Archaeologists in Jamestown, Virginia are rebuilding a portion of the church where Native American teen Pocahontas married English settler John Rolfe in 1614.
The story of Pocahontas is an important part of America's colonial history, and her marriage to Rolfe brought years of peace between the settlers and Native Americans.
Pocahontas was a member of the Powhatan Pamunkey tribe, and the daughter of the chief. In 1613, she was captured by the English settlers and held for ransom. During her captivity, the 18-year-old was converted to Christianity, baptised, and given the name Rebecca.
Rolfe, a successful tobacco planter from Norfolk, England, married Pocahontas after the deaths of his first wife and infant daughter. Researchers believe they were wed in a church on the banks of the James River.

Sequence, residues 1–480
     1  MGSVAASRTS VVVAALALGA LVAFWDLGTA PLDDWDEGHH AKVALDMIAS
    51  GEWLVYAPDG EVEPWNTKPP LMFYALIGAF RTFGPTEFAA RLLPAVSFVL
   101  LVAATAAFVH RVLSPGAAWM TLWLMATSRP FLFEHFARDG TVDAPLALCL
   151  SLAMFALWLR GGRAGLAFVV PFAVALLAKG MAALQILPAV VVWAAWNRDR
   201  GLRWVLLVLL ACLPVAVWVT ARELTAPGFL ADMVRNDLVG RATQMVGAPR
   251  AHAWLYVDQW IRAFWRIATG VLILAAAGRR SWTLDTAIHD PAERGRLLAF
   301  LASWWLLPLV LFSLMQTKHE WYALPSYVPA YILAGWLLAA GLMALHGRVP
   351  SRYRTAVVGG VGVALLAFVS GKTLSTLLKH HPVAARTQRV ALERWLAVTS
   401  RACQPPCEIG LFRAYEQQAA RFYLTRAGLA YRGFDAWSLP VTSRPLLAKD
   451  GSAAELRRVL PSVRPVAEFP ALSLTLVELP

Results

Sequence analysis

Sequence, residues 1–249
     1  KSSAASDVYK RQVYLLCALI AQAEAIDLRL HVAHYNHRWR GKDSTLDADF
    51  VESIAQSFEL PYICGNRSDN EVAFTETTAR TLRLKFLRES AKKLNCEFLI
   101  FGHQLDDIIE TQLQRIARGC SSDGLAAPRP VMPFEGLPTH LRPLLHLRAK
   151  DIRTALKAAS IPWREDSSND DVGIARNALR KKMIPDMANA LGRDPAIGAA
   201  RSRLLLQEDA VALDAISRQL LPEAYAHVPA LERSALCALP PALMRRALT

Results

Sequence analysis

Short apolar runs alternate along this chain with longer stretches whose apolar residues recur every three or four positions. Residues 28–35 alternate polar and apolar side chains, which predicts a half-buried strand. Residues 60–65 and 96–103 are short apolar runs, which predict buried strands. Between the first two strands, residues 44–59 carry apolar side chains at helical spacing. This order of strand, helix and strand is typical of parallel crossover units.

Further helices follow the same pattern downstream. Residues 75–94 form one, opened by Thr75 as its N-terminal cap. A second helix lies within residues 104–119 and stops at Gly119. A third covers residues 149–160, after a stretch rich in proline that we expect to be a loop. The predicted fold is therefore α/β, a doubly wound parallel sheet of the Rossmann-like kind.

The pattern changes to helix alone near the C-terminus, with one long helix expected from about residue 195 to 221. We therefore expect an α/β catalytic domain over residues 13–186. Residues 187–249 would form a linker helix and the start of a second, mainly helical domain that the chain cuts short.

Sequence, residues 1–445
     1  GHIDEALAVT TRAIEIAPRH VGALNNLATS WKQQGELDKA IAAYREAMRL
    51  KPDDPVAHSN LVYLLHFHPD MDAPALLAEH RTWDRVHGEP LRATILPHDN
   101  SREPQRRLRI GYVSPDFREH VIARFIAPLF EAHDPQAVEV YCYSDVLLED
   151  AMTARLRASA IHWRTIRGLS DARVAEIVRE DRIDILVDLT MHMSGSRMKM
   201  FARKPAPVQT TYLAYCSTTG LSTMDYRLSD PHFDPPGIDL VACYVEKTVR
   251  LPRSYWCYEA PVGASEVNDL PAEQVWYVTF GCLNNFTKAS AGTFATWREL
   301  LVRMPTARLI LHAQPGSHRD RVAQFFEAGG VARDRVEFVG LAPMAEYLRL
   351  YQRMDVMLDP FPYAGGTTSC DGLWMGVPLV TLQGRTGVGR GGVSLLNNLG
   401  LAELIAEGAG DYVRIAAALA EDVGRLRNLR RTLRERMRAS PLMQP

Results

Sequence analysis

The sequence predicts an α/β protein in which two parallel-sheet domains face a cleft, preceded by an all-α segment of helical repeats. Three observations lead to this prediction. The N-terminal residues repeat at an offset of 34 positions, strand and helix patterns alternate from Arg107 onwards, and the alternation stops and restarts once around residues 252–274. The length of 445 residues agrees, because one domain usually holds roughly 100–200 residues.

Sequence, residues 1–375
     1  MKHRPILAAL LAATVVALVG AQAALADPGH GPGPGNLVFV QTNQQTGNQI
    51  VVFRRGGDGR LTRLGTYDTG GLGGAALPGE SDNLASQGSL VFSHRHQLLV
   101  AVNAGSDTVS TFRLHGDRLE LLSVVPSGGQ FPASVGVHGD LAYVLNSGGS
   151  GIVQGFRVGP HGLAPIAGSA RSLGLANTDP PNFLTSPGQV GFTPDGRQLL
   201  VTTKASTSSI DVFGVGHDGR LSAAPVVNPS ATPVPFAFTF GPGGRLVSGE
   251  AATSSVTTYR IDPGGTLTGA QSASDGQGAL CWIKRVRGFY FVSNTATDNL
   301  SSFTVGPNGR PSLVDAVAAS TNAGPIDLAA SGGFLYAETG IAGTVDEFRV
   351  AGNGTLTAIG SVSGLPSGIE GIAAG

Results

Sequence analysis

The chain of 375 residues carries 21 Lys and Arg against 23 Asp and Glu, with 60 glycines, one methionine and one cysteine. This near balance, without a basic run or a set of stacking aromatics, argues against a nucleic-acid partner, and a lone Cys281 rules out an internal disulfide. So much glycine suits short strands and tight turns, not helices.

The remnants of the church were discovered in 2010, and considered one of the top 10 finds of the year by Archaeological Institute of America.
"Now we can actually point to the spot where Pocahontas got married," said Historic Jamestowne Director of Archaeology Bill Kelso. Senior Staff Archaeologist Dave Givens clarified that the new church would not be an exact replica of the one built in 1608.
"Our intention here is not to recreate the entire church but give some notion of the space, so that when people are standing inside the church they can understand what the walls would have looked like and the fabric of the building," he wrote in the Dig Updates blog.
The original church was made of wood and mud, but the new structure will be reinforced with fiberglass and concrete for safety.
An area in Tidewater, Virginia is also being studied and protected by archaeologists. The scientists believe the land was formerly known as Werowocomoco, and was ruled by Pocahontas' father.